Well, that didn’t take long. A week after the A&E network suspended production of Duck Dynasty due to show patriarch Phil Robertson's homophobic remarks in GQ, A&E blinked. And Robertson is back.
In its defense of ending the suspension, A&E officials say that Robertson expressed his personal beliefs, not the network’s, and that the show isn’t about his beliefs.
The network will also begin airing public service announcements that promote “unity, tolerance, and acceptance.”
Duck Dynasty is a financial bonanza for A&E. It’s a reality show takeoff on the Beverly Hillbillies where backwoods thinking is elevated to new heights of Americana. Duck Dynasty isn’t just about waterfowl; it's more about family dynamics and regional culture. And the show has millions of fans as well as multiple merchandising deals.
Some media industry observers came to the early conclusion that A&E couldn’t win this PR battle. If it took a position that chastised Robertson, they would lose viewers and the money that comes with a hit show. If they stood by and silently supported Robertson, they would open themselves up to criticism, particularly from the LGBT community.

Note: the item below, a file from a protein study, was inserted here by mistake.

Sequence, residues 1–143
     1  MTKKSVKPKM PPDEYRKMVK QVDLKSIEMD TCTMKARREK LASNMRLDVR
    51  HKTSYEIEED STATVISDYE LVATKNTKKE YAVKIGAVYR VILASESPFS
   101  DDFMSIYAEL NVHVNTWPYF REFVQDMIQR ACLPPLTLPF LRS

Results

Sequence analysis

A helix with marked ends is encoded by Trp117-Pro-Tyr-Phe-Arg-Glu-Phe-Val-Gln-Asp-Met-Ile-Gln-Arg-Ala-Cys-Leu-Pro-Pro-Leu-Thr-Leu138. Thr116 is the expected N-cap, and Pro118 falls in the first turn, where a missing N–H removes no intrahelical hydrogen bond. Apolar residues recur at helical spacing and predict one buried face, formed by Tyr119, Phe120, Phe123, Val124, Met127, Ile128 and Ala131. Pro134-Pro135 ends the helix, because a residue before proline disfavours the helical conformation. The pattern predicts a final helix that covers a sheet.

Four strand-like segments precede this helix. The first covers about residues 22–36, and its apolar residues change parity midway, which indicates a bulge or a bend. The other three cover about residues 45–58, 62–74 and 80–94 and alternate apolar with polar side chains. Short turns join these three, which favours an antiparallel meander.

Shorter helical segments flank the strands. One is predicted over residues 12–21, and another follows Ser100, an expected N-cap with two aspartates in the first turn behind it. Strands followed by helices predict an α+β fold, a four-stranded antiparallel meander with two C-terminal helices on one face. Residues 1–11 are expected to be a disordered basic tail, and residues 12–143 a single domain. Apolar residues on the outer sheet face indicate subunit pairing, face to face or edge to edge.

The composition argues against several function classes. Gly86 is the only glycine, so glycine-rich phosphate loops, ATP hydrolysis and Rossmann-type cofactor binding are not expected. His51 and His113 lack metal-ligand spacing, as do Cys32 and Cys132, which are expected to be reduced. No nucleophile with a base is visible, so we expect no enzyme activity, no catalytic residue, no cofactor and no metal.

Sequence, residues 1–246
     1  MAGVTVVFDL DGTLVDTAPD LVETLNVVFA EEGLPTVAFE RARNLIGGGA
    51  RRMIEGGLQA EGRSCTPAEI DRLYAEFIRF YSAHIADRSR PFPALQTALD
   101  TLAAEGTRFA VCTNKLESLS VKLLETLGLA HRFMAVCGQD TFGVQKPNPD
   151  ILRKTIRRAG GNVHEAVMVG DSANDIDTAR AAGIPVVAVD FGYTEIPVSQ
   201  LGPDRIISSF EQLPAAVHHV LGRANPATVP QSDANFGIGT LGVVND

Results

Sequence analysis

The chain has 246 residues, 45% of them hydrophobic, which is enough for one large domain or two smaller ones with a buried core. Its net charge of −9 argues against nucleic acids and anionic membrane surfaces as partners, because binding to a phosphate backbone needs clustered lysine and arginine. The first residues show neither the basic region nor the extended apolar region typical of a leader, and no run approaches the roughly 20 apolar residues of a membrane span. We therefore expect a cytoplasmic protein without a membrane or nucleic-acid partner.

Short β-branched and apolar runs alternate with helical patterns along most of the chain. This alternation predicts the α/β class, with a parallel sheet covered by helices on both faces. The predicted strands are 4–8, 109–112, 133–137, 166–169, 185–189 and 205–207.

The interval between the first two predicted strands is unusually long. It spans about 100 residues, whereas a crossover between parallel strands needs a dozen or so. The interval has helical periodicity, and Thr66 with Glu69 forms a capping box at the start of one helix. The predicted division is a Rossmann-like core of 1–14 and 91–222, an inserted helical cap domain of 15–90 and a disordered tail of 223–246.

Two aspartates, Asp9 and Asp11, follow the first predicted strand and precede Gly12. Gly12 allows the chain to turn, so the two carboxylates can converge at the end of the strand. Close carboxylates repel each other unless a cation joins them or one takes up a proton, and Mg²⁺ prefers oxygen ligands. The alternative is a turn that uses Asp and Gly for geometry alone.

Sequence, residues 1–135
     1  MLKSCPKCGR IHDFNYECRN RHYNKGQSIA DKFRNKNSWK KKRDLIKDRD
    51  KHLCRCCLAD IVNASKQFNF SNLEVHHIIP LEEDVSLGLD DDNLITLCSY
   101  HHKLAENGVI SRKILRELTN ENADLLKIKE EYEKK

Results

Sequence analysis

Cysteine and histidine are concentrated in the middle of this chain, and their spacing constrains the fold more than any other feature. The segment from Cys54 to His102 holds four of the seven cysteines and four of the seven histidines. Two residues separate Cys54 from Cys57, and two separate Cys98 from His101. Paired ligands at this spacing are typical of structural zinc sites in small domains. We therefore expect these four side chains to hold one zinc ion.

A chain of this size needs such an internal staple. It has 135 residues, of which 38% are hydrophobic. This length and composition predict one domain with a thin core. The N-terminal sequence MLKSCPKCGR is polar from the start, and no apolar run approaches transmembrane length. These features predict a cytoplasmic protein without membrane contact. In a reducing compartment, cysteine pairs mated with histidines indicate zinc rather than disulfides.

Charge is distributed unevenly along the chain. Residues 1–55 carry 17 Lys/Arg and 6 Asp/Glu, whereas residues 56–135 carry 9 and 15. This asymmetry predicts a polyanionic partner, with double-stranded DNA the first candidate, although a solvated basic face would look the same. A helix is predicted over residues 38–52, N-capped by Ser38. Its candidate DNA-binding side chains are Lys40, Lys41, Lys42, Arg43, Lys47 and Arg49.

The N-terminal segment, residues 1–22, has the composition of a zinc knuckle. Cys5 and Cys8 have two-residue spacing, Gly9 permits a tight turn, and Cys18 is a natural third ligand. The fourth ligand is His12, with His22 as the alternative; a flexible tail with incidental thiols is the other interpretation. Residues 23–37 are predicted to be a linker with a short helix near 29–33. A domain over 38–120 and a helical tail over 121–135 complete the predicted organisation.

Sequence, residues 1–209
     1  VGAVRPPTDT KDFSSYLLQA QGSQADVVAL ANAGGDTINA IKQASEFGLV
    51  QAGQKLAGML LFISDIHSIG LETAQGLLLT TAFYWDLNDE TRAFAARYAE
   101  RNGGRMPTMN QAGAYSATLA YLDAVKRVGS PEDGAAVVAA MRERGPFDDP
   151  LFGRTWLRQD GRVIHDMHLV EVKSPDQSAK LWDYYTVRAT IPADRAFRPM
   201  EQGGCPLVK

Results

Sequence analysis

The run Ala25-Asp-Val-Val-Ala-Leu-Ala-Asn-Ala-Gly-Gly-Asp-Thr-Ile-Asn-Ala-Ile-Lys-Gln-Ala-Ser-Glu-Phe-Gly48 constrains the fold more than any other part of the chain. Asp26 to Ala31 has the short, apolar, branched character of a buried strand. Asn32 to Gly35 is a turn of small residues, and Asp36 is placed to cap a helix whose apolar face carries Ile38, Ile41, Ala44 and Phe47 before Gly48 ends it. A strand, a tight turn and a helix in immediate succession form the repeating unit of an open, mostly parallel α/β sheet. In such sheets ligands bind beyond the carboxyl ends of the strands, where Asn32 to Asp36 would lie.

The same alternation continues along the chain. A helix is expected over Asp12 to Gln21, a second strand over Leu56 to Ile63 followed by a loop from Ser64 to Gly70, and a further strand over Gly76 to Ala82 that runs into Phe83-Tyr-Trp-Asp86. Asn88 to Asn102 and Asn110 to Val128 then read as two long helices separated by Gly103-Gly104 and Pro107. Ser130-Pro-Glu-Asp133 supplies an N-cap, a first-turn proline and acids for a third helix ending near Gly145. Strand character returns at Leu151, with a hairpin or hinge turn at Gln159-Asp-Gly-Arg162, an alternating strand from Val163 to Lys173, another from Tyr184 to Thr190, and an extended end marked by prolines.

A&E’s initial decision to put Robertson on hiatus was the right one. Robertson, citing mostly religious views, compared homosexuality to bestiality. And he’s allegedly made offensive remarks about African Americans, essentially praising the Jim Crow South.
Former Alaska governor Sarah Palin and Louisiana Governor Bobby Jindal were among the first politicians to come out in support of Robertson. Palin talked with her usual breadth of knowledge about the Constitution and Robertson’s right to free speech. And Jindal was upset because, he said, no one criticized singer Miley Cyrus for her sexually-charged antics during a recent awards show.
But to Palin’s point, Robertson’s freedom of speech has not been denied. He has the right to say what he wants, but that doesn’t mean there are no consequences for such disturbing comments. Just ask former MSNBC host Martin Bashir.
And Jindal is just plain wrong. Cyrus was both widely admired and criticized for her public display. But more importantly, as offensive as some viewers may have found Cyrus, she did not give an interview talking about gays and God or the virtues of racism.
It wouldn’t be surprising to see that A&E’s damage control is short-lived. It frequently isn’t long before individuals like Robertson say or do something else equally provocative, partly because they often feel vindicated by decisions like A&E’s.